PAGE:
BASED ON A TRUE STORY (2014)

The Gallery, Gothia Towers – The Swedish exhibition Congress Centre, Gothenburg

WHERE DO WE COME FROM? WHO ARE WE? WHERE ARE WE GOING?

To tell stories is symptomatic of the human condition; we all tell them, be they tall or short tales, meandering yarn or crisp, sharp fact. The rich tapestry of our existence is made up of hundreds of thousands of memories and narratives that are part of our very soul. At the end of our time, we will, in fact, find that our very reason to be alive is tied up in memories.

Situated on the edge of the great ocean, Gothenburg has always been a riotous mix of endurance, sparks and glamour – of beautiful buildings and heavy machinery. It’s this mixture that makes it unique. The harbour is the largest port of the Nordic countries and the dockyard (founded in 1841) is an integral part of Gothenburg’s identity. On 19th May 2014 the Götaverken dockyard was declared bankrupt and issued six months to find a new buyer or else, planned residential construction would commence. The exhibition signals this crucial fork in the road – one where we stand to lose the beating heart of our community and a piece of living history.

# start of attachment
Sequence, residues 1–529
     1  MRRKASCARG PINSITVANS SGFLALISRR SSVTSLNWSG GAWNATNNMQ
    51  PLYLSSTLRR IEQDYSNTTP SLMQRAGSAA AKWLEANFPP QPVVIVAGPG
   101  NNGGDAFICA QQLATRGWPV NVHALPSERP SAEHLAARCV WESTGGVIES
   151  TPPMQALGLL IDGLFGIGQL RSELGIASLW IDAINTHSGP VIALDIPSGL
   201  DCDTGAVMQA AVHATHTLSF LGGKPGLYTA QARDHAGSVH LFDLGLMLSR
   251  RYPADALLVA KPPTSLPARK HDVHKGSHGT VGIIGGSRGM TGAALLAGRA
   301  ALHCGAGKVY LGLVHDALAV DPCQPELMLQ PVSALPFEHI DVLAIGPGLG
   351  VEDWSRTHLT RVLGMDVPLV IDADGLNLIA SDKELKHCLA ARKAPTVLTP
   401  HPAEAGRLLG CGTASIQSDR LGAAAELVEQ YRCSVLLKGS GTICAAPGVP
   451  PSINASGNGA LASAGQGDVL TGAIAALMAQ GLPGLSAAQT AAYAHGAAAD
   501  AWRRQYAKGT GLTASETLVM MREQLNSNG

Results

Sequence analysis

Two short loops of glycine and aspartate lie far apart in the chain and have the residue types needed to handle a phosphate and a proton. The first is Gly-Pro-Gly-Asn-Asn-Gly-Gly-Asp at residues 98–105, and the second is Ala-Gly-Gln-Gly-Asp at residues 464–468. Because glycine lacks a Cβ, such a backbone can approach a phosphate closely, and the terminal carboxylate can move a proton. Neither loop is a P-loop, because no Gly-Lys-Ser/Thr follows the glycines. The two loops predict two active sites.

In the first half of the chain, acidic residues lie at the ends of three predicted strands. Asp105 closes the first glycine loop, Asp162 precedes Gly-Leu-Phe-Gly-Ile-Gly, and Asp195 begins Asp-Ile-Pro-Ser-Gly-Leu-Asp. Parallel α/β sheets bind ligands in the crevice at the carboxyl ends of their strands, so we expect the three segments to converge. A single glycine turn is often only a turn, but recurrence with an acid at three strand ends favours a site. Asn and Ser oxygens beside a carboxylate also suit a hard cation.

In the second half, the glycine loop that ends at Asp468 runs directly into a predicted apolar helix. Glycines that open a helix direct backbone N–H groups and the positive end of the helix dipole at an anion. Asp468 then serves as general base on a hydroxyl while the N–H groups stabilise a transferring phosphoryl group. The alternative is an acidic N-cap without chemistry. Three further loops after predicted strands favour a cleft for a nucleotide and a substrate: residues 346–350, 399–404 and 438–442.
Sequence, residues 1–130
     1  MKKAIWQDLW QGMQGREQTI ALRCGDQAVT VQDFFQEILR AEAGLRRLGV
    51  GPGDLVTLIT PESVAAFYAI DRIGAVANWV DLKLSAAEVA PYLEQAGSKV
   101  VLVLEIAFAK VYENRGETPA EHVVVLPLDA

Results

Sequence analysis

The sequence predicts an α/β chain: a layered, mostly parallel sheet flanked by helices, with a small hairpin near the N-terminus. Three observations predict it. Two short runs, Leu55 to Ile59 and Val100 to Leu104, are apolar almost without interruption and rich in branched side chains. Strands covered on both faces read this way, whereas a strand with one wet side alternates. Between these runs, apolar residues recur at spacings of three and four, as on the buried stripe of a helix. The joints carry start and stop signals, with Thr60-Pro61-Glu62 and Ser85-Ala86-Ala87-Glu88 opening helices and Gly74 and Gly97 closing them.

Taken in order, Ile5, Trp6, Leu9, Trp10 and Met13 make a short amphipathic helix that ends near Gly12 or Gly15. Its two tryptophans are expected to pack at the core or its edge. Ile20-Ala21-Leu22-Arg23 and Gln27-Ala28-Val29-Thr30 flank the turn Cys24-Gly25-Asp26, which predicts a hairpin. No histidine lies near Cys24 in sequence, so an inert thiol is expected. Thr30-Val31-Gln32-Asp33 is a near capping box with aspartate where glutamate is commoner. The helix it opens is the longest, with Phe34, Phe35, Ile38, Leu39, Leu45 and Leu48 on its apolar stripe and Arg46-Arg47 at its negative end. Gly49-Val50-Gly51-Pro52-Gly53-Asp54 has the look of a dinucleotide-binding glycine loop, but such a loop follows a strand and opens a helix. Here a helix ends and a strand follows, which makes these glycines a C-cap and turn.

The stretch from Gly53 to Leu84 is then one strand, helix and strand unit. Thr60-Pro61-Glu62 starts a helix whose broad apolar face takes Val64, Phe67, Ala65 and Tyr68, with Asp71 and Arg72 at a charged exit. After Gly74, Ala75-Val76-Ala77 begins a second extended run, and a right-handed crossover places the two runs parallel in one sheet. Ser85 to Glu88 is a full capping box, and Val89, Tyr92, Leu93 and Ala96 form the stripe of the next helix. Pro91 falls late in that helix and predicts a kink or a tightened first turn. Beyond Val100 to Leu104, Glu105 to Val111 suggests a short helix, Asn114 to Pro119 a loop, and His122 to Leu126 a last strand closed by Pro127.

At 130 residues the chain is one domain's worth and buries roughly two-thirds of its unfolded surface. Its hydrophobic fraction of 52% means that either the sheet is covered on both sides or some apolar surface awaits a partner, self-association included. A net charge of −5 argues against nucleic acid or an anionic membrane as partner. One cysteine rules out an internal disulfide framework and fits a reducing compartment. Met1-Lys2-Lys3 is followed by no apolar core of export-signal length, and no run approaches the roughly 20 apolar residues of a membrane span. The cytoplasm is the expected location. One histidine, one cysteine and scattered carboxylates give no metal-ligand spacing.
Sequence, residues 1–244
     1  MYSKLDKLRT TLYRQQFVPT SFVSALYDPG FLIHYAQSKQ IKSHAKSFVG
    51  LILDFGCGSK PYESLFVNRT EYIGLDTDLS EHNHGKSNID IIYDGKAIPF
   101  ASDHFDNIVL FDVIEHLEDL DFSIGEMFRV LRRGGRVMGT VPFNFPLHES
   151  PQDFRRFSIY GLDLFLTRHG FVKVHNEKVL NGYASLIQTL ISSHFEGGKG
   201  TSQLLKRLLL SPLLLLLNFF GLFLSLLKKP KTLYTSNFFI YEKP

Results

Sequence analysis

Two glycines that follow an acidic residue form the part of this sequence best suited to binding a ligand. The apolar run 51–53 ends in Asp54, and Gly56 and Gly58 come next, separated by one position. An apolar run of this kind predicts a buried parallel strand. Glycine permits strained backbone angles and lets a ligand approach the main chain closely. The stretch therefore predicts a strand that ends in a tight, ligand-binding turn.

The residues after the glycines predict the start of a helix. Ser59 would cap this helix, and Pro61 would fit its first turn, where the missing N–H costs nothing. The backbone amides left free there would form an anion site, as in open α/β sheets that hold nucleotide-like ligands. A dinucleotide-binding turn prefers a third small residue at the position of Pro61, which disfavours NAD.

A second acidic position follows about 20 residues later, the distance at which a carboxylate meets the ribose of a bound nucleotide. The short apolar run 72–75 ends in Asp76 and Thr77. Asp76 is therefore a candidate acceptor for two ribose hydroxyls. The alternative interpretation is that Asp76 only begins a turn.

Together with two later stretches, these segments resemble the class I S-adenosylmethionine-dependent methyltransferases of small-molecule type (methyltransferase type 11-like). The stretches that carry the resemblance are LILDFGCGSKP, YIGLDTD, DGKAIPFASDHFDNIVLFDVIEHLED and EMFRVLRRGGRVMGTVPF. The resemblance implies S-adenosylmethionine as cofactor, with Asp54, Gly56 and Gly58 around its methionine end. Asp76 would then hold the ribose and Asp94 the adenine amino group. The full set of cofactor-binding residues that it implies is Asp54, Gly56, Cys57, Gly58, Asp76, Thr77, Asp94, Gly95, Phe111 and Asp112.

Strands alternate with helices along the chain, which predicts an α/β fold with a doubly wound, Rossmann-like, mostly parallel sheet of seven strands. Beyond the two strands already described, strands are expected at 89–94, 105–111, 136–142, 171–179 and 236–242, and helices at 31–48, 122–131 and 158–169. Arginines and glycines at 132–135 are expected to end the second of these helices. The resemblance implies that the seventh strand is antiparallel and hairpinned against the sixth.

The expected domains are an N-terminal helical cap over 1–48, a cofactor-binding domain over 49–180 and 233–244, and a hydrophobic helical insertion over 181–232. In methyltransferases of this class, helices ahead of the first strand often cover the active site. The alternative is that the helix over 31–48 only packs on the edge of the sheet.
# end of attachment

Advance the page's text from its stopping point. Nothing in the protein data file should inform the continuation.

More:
This exhibition sets out to explore the parallels between an industry that has lost its competitive foothold in a globalized marketplace with the work of low-tech artists; whose relevance in a highly developed marketplace has diminished due to market trends and technology. Furthermore, the exhibition will explore the transformation from the macro perspective to the human aspect; whilst standing shoulder to shoulder with many workers who have worked their entire lives in this place, and for whom this might be the end of a long tradition of passing down a heritage of work from one generation to the next. This is the telling of their story.

WILL THIS BE THE END OF A DREAM, AND THE VICTORY OF REALITY?

For the past decade, people have asked me why I still take an interest in painting the harbour. My answer is simple: “Because it’s still there”. To paint old windmills, for example, in the Netherlands has little contextual relevance with the present and at best is nothing more than a romanticized throwback that has little to say about our contemporary world. However, what I see before me in Götaverken is a thriving living and working culture, and if we’ve reached the final chapter in this maritime story my aim is to give it a fitting and dignified send off that will hopefully contribute to the way we remember what used to be.

Public Debate – concerning the past and future of Gothenburg Harbour. Featuring City Architect Björn Siesjö, sociologist Catharina Thörn, Gothenburg Dockyard Heritage Society, artist Alexander Lumsden and many more.